I like for my seat in the car to tilt back a decent amount. Call it thuggish, call it bad posture, whatevs – I have tried countless times to sit up straight like the little Asian ladies in their SUVs that I pass on the freeway, but for the life of me I just can’t do it. I won’t tell you what Chris says about that way I sit in the car, but let’s just say that he likes to sit up fairly straight. Surprised?

I like to wash my hair every other day. Not every day, not every three days, but every other day. Things get planned around this – for serious.

The kitchen has to be clean before I start cooking. Yes, I’ll be dirtying it up in no time, but I can’t seem to start off on the right foot unless the sink is empty and all dishes are put away in their place, including the dishwasher getting unloaded. I think this one’s a wee bit on the compulsive side, but I’m ok with it.

We definitely do not make the bed every morning. I rebelled here because it didn’t matter how late I awoke each morning or how close the bus was to getting to my house; that bed was made before I left the house or mom was having a hissy-fit. But! The sheets and comforter have to be straightened. The pillows aren’t perfect and the sheets aren’t even on each side (there is always less on my side because someone steals them every single night), but I hate getting into a bed that has wrinkly sheets. This one sounds a little weird, too….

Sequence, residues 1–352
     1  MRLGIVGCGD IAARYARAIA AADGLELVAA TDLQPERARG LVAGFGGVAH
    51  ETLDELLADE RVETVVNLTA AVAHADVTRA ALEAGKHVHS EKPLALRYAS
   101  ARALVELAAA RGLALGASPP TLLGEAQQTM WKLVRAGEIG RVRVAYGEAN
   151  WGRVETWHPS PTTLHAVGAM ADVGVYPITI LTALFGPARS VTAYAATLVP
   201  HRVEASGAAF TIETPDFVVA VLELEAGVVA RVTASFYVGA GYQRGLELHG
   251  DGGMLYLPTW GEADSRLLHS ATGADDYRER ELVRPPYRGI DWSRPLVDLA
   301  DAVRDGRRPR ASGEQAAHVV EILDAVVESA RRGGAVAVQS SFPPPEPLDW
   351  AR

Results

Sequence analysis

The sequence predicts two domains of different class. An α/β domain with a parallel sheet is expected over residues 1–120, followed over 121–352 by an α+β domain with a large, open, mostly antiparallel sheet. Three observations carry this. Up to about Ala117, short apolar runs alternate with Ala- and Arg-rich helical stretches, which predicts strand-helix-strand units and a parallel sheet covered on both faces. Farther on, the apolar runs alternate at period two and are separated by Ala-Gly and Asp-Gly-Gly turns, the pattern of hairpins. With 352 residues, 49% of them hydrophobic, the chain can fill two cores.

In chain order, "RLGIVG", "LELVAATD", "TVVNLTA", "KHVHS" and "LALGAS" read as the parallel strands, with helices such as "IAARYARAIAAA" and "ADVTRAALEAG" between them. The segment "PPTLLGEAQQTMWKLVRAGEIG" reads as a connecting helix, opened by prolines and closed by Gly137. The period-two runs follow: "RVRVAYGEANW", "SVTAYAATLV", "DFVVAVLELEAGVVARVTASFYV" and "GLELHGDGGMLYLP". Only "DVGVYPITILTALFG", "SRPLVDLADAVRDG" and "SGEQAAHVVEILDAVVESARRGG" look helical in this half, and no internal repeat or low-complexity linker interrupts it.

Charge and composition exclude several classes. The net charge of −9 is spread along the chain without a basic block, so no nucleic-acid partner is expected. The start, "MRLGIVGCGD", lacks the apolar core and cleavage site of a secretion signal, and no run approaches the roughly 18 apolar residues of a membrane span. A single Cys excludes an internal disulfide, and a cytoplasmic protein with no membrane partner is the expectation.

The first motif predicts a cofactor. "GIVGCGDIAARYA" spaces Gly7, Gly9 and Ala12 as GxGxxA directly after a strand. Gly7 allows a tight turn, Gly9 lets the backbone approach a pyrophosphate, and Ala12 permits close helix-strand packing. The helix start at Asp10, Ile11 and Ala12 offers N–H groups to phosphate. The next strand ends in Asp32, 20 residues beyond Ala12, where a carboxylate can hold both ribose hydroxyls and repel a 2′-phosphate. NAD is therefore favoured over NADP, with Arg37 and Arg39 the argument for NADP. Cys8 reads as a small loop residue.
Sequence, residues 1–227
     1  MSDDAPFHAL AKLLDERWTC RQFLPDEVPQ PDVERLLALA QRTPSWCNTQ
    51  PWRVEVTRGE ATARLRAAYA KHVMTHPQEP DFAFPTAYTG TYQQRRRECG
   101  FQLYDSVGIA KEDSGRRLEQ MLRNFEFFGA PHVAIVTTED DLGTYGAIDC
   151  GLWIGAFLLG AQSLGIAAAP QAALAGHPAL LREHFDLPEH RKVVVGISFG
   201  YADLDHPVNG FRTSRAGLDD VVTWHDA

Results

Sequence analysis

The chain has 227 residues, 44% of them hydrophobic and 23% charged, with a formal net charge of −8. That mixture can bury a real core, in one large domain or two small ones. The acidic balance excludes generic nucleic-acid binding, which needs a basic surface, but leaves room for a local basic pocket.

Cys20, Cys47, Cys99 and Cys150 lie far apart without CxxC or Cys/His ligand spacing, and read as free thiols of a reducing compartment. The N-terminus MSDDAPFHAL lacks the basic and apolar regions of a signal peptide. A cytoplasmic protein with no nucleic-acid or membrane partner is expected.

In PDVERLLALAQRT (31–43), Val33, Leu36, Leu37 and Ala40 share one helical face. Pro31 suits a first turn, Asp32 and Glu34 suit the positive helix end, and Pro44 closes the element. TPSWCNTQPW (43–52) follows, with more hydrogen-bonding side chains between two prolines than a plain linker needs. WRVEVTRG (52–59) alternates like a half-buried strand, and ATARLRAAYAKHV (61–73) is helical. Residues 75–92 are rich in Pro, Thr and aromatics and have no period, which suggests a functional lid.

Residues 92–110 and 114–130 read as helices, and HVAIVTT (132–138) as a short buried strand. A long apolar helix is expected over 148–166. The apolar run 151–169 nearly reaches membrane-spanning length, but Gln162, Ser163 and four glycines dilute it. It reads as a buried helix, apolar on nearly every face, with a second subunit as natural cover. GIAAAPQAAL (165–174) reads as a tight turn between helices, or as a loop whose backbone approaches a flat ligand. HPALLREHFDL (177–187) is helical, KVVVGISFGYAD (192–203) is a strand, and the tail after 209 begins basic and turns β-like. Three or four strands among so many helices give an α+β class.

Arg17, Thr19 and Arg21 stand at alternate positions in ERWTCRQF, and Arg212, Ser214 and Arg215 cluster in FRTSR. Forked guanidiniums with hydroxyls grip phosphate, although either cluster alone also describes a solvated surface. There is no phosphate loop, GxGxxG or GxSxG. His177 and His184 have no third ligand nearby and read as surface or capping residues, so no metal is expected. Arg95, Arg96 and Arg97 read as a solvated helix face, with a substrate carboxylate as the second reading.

I eat apples from top to bottom, going all the way around each time. I thought that was normal? None of that haphazard biting; my apple is clean and organized. Boo-yah!

Okay. I don’t want you to think I’m nutso; of course, maybe you did before you even started reading this, in which case I assuredly have only further enhanced that opinion. So here’s an easy one –

I like two types of food to always be crunchy, always. Soggy pieces need not apply and will render themselves useless. These are vegetables (broccoli specifically) and tofu. I can’t be alone here, can I? I realized this fact about veggies once I realized that I actually like veggies, just not the soft, mushy ones that seemed to dominate my childhood meals, most of which came from cans or long stints in boiling water.

As for the tofu, I blame Satay, the restaurant that made their tofu the only way I’ve ever really cared for it – moist, but crunchy, spongy in a way. I also blame Satay for my difficulty in finding a perfect pad thai, but that’s a story that’s already been told. Nonetheless, this is one of the reasons you see limited dishes with tofu here. But last week I made something that defied all odds: I made a dish that included BOTH crunchy broccoli(ni) AND crunchy tofu. It made me want to be a vegetarian.